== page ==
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  • 15.09.2020
    55 MB
    58:06
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    What Bush Left Behind with Robert Draper

    Did we learn the right lessons from the Iraq war? Before we can answer that, we must understand why we went into Iraq in the first place. Author and journalist Robert Draper’s new book “To Start a War” chronicles with incredibly painstaking research and reporting how the most consequential foreign policy disaster of our time came to be. Listen to him detail why 18 months after September 11th, we invaded a country that had nothing to do with the attacks, resulting in tens of thousands dead, trillions of dollars spent, and a destabilized middle East. And how tied to this legacy is an increased level of public distrust in institutions, experts, and insiders, which paved the way for the biggest outsider of them all.RELATED READING:To Start a War by Robert DraperDead Certain by Robert Draper

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  • 08.09.2020
    59 MB
    01:02:18
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    Keeping a Restaurant Alive with Tony Bezsylko

    What does it take to keep a restaurant alive in the time of coronavirus? In March, restaurants across the country closed their doors in order to combat the spread of Covid-19. Left behind is an industry that is largely made up of small business owners scrambling to figure out how they can stay afloat. This week, Tony Bezsylko, co-owner of the local Chicago restaurant Cellar Door Provisions, sits down to talk about his passion for baking, how he started his own restaurant, and how he and his partners are managing to keep their restaurant alive in the face of the coronavirus pandemic. Cellar Door Provisions Is the Perfect Restaurant That is Positive It Could Be Better (Bon Appetit)

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  • 01.09.2020
    54 MB
    56:26
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    America’s Right Turn with Rick Perlstein

    How did America’s modern conservative movement come to power? Historian and author Rick Perlstein’s prolific work has traced the arc of modern electoral politics, and specifically has laid out how modern conservatism arose. This week, he sits down to talk about his newest book “Reaganland” and how the ideological shifts and circumstances that lead to the 1980 election of Ronald Reagan helped set the stage for the conservative embrace of Donald Trump today.Related:Reaganland: America’s Right Turn 1976-1980 by Rick PerlsteinThe Invisible Bridge: The Fall of Nixon and the Rise of Reagan by Rick PerlsteinNixonland: The Rise of a President and the Fracturing of America by Rick Perlstein Before the Storm: Barry Goldwater and the Unmaking of the American Consensus by Rick PerlsteinThe Grand Old Meltdown (Politico)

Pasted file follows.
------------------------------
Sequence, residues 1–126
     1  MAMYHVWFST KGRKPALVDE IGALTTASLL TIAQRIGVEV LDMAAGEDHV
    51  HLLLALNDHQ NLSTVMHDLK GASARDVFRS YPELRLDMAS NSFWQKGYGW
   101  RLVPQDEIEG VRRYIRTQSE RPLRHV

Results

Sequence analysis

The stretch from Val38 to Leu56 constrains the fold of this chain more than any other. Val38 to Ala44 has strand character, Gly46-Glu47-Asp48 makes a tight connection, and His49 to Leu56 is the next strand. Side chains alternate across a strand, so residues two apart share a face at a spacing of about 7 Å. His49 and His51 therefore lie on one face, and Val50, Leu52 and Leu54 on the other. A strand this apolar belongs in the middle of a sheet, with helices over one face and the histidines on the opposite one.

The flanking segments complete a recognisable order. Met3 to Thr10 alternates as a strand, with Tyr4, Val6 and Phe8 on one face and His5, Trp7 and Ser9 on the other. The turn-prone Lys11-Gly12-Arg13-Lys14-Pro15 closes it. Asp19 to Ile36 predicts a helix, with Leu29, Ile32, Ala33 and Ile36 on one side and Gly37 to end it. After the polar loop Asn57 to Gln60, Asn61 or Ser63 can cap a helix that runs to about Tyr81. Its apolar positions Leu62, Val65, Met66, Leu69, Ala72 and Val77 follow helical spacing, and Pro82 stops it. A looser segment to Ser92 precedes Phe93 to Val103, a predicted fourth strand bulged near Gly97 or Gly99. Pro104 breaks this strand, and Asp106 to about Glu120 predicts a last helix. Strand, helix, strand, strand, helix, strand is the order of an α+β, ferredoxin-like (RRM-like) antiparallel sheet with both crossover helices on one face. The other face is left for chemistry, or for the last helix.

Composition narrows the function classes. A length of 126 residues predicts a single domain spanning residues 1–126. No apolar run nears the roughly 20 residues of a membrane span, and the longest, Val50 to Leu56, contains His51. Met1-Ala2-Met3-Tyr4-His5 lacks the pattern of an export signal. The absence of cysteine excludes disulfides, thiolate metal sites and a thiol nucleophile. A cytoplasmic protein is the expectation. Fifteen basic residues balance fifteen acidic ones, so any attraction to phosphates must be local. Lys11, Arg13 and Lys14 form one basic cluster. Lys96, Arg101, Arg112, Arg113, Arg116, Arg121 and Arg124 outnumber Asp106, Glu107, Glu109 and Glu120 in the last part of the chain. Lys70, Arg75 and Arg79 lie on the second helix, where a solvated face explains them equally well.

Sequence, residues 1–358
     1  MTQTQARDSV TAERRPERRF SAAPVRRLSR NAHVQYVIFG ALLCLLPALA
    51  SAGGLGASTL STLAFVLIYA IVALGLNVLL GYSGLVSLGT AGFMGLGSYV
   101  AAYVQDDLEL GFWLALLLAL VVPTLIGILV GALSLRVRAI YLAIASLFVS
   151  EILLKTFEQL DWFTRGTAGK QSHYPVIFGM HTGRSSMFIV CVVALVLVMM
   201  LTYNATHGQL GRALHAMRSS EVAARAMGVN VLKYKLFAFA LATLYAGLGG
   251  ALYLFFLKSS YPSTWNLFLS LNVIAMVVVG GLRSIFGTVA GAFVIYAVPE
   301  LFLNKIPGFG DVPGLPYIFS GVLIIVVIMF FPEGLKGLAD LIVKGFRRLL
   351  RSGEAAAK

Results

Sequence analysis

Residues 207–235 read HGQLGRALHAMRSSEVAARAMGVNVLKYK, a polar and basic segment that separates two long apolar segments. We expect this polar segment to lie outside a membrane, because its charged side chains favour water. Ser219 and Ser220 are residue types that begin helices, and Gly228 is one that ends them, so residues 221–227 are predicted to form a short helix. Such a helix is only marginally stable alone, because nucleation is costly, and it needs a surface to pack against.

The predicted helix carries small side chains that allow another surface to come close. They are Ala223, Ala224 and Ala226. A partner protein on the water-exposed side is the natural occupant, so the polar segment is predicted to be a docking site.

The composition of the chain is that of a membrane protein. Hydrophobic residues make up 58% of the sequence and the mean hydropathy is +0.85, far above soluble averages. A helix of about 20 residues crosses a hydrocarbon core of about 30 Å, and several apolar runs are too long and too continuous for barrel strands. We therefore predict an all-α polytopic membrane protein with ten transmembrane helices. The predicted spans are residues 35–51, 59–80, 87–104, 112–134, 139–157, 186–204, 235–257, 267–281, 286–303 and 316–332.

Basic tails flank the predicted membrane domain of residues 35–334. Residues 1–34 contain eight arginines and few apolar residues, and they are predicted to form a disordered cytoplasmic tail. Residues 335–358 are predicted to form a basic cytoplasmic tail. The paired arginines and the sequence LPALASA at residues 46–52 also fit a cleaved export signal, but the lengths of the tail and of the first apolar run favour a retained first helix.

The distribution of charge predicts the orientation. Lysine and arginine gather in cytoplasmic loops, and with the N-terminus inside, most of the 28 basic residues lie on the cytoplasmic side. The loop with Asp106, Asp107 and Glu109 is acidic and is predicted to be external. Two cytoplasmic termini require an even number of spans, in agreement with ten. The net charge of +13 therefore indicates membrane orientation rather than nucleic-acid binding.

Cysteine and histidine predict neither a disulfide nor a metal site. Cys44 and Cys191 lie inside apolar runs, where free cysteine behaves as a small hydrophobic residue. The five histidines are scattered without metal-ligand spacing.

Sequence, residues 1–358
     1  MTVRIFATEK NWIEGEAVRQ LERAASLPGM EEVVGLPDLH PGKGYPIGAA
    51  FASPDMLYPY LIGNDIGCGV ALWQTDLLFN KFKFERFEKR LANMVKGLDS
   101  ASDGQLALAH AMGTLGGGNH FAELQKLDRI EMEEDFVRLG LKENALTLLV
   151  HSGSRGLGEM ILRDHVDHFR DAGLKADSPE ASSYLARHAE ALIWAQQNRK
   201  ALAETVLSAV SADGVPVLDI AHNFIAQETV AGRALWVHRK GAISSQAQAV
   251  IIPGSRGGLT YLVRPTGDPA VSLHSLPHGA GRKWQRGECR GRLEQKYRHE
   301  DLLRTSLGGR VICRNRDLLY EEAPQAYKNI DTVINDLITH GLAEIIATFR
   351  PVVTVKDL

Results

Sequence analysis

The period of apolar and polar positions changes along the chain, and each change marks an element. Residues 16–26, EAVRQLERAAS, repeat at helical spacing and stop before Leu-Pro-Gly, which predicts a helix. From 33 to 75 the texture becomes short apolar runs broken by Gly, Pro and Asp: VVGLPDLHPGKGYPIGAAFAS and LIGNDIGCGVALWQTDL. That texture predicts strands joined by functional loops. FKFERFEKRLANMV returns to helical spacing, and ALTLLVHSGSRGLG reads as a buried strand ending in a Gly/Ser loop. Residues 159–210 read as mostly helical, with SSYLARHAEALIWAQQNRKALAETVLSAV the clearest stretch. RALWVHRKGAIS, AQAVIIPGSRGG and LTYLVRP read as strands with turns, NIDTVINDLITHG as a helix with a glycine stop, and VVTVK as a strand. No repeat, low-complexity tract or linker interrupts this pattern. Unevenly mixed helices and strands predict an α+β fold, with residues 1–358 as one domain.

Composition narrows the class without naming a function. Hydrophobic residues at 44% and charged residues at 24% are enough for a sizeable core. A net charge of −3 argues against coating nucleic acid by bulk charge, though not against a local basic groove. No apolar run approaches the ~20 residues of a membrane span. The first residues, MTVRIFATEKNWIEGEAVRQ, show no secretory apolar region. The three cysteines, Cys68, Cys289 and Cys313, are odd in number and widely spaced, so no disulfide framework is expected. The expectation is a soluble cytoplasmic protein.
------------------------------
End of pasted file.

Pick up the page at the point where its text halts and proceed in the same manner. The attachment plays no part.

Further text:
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  • 25.08.2020
    58 MB
    01:00:28
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    The Invisible Power Struggle with Leah Stokes

    Whether it’s refrigerating your food or turning on the lights or connecting to the Internet, having access to power is what makes modern society possible. And yet, you likely have no choice in which company you get your power from. Whether the service is bad or they lobby against your own policy interests, it doesn’t matter – if you want power, you give them your money. It’s a sweet deal for those companies and, as Leah Stokes recounts in captivating detail, they’ll go to extreme lengths to ensure you remain a captive customer. So, who are these utility companies, how do they work, and what are they doing with your money? And oh, by the way, what will it take to reorganize this sector to transition to clean energy so we can continue to have a habitable planet? Lucky for us, Leah Stokes is an expert in all the above and answers all the questions you never thought to ask but absolutely need to know.RELATED READING:Short Circuiting Policy by Leah Stokes

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  • 18.08.2020
    45 MB
    47:10
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    REVISITED China's Secret Internment Camps with Rian Thum

    Originally Aired April 2019Did you know there are roughly one million people currently held in internment camps in China? One million people detained against their will, facing no criminal charges, cut off from the outside world. This is the story of the Uyghurs, a small insulated ethnic minority in Western China. The predominantly Muslim group has faced growing levels of Islamophobia and paranoia from the Chinese government. Right now, roughly ten percent of the Uyghur population has been ‘disappeared’, held indefinitely in re-education camps where they are subjected to totalitarian indoctrination in an attempt to erase their identity, their language, their religion and their culture. Rian Thum, who has spent his career studying the Uyghurs, joins us to explain everything we know about the camps and how they came to be – including the prison-like surveillance state that Uyghurs outside of the camps are forced to live in.LINKSThe Sacred Routes of Uyghur History by Rian ThumHow China Turned a City Into a Prison"Eradicating Ideological Viruses”: China’s Campaign of Repression Against Xinjiang’s Muslims

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  • 11.08.2020
    48 MB
    50:44
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    Caste in America with Isabel Wilkerson